A project of the Woodrow Wilson Center’s History and Public Policy Program, “Digital Archive: International History Declassified,” has been selected as the winner of the 2013 Roy Rosenzweig Prize for Innovation in Digital History. The Rosenzweig Prize is awarded annually in honor and support of work on an innovative and freely available new media project that reflects thoughtful, critical, and rigorous engagement with technology and the practice of history. The prize is jointly sponsored by the American Historical Association and the Roy Rosenzweig Center for History and New Media (CHNM) at George Mason University and will be presented during a ceremony at the Association’s 128th Annual Meeting in Washington, DC, January 2-5, 2014.

The winner was selected by a prize review committee of AHA members including Daniel J. Cohen, Chair (Digital Public Library of America), Stephen M. Robertson (Roy Rosenzweig Center for History and New Media), Stephen Brier (Graduate Center, CUNY), Miriam Forman-Brunell (Univ. of Missouri, Kansas City), Kelly A. McCullough (German Historical Institute) and Michael H. O’Malley (George Mason Univ.).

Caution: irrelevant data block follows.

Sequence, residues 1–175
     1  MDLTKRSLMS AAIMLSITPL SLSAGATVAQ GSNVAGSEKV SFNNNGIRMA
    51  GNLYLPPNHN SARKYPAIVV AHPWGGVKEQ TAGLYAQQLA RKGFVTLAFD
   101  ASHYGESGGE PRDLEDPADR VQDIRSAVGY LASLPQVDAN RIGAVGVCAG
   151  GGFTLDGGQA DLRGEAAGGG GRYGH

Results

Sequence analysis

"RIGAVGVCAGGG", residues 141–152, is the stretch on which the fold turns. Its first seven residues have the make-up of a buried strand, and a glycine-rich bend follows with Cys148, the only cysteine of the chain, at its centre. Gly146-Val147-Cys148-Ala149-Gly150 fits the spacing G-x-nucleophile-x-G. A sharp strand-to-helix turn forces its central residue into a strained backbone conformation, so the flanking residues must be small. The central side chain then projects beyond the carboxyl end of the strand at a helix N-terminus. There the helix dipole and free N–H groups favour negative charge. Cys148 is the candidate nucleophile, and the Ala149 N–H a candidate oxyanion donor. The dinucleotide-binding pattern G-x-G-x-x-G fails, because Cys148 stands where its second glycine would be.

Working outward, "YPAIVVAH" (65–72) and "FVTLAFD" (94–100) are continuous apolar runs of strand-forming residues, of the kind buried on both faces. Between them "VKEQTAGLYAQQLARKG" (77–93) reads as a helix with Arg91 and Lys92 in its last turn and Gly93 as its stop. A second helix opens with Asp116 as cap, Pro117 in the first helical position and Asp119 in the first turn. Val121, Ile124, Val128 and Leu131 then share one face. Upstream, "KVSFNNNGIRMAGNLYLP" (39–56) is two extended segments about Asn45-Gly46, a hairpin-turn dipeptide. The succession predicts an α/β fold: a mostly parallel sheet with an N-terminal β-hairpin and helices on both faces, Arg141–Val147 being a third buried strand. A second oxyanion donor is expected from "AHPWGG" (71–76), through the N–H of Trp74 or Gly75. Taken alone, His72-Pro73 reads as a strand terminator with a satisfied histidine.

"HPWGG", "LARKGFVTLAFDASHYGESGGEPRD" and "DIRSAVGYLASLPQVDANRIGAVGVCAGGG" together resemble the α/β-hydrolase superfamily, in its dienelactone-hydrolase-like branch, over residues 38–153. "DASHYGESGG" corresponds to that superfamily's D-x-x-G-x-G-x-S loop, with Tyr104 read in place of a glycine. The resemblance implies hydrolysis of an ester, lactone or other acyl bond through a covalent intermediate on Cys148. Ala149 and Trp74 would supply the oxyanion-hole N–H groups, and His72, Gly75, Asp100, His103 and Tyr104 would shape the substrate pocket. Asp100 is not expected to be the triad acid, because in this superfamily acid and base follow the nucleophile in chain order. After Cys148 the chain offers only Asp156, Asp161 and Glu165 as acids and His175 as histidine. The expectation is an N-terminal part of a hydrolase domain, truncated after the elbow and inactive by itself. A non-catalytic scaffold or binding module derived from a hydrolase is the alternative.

“The Wilson Center Digital Archive brings together and contextualizes a vast trove of once-secret documents relating to the Cold War, North Korea, and nuclear proliferation. Much more than just an archive, the site curates a variety of topics into compelling narratives, timelines, and images. In addition, multiple interfaces, including an interactive map, allow researchers to make their own pathways through this important collection,” noted Daniel J. Cohen, the 2013 Rosenzweig Prize committee co-chair and executive director of the Digital Public Library of America.

The Roy Rosenzweig Prize for Innovation in Digital History was developed by friends and colleagues of Roy Rosenzweig (1950-2007), the Mark and Barbara Fried Professor of History and New Media at George Mason University, to honor Rosenzweig’s life and work as a pioneer in the field of digital history.

The American Historical Association is a nonprofit membership organization founded in 1884 and incorporated by Congress in 1889 for the promotion of historical studies. The AHA provides leadership for the discipline, protects academic freedom, develops professional standards, aids in the pursuit and publication of scholarship, and supplies various services to sustain and enhance the work of its members. As the largest organization of historians in the United States, the AHA is comprised of over 14,000 members and serves historians representing every historical period and geographical area. For further information, visit www.historians.org or call 202-544-2422.